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    Eat Well to stay Happy this January

    Eat Well to stay Happy this January

    New research released by Opinium shows that a third of Brits (34 per cent) find it difficult to stay positive in January and 36 per cent say that their mood is worse at the start of the year compared to any other time. That’s without the knock-on mental health effects of COVID-19.

    Similarly and unsurprisingly, the most common word associated with January was ‘grey’ (41 per cent) followed by ‘gloomy’ (39 per cent).

    January Mood Boosting

    Considering mood-boosting activities in January, the most commonly cited thing people typically do is exercise (21 per cent), eat healthily (19 per cent) and book a holiday for later in the year (17 per cent, in fact. Fingers crossed they’ll be happening!).

    However, only 7 per cent of Brits say they have eaten mood-boosting foods to help their January blues, and only 4 per cent have undertaken mindfulness to help them through the January slump.

    With that in mind, Nutritionist, Anna Bean, tells us what we can eat to help boost our mood in what is, no doubt, the most depressing January on record.


    They are juicy and delicious!  But cherries also help your brain to produce the mood-enhancing hormone serotonin. They are also a rich food source of the hormone melatonin which promotes healthy sleep patterns.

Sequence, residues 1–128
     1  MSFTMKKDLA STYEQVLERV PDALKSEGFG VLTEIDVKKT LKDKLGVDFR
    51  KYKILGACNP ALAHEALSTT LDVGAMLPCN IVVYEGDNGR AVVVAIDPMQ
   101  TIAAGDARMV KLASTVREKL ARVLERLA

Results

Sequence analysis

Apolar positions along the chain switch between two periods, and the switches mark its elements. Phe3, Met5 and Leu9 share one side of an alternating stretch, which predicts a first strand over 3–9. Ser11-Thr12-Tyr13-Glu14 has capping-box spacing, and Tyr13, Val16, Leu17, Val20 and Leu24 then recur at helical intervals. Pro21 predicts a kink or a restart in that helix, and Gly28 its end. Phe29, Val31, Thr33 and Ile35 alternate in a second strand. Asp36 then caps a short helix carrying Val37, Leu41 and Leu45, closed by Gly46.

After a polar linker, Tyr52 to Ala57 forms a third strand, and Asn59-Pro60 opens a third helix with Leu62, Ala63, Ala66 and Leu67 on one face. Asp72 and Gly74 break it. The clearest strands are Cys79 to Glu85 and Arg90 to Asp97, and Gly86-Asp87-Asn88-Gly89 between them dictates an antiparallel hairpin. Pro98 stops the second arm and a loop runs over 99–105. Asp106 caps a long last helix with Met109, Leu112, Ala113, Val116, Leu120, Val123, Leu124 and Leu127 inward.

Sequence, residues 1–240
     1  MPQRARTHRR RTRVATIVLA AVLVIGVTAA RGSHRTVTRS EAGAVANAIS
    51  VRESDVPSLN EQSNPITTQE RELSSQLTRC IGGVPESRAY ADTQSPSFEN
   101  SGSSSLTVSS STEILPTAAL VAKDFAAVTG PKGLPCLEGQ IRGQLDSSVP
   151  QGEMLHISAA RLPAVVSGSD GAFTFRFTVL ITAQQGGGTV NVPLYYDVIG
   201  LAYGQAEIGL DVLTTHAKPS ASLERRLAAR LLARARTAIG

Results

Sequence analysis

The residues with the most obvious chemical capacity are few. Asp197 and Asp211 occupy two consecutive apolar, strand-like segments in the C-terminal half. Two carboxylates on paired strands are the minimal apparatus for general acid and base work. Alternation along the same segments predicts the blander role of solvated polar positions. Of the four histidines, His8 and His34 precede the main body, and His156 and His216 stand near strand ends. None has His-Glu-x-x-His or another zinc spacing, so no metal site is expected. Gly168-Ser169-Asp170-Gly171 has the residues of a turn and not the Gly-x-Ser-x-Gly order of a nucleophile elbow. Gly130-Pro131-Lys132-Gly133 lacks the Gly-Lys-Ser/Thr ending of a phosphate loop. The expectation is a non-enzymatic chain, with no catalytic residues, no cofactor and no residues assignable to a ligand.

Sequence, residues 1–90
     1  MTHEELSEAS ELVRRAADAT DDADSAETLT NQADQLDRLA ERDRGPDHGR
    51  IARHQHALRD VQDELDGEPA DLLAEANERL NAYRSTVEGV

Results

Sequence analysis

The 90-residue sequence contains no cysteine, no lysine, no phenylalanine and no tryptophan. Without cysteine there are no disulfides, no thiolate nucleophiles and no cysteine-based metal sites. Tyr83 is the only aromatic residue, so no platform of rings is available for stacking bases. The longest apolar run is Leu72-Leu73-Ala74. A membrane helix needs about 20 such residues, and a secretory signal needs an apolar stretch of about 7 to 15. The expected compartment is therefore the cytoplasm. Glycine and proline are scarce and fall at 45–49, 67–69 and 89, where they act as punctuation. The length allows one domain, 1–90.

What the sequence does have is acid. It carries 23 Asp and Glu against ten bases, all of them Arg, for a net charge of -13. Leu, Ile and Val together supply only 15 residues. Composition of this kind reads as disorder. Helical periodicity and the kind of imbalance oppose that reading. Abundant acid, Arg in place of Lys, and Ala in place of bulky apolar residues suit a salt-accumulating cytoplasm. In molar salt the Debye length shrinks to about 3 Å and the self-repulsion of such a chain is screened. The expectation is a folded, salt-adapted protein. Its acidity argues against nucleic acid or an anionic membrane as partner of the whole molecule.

Cherries in bowl on wooden table


    Studies show that eating a handful of nuts a day can increase levels of serotonin, a hormone that makes us feel happier and decreases feelings of hunger. Nuts are a staple in Joe Wicks’ diet, we see. Do sugared almonds count? We hope so!


    Almond nuts in a bowl

    36 per cent say that their mood is worse at the start of the year compared to any other time

    Dark Chocolate

    Contains high levels of phenols, which cause the brain to release endorphins and boost mood, but it’s high in calories so keep portions small!


    Dark Chocolate squares


    High in tryptophan and vitamin B6, essential for making serotonin whilst also containing carbohydrates, which trigger the production of insulin and raise serotonin levels in the brain. More bananas, please!


    Bananas make you happy

    Oily fish, walnuts and chia seeds

    Did you know these all contain high levels of omega-3s? Low levels of which are linked with depression. Omega-3s are important for the proper function of the brain and can also have a positive impact on mood.


    cooked salmon on a plate

    Pumpkin seeds

    Not just for October, Pumpkin is one of the best sources of tryptophan, which is the building block for serotonin (our happy hormone).


    pumpkin seeds in a bowl


    The perfect breakfast stable, with a low glycaemic index, oats are a great source of slow-release energy; this will prevent blood sugar spikes and in turn stop you getting tired and moody.


    Porridge with strawberries


    Check out more ways to keep a healthy mind and body this year, here.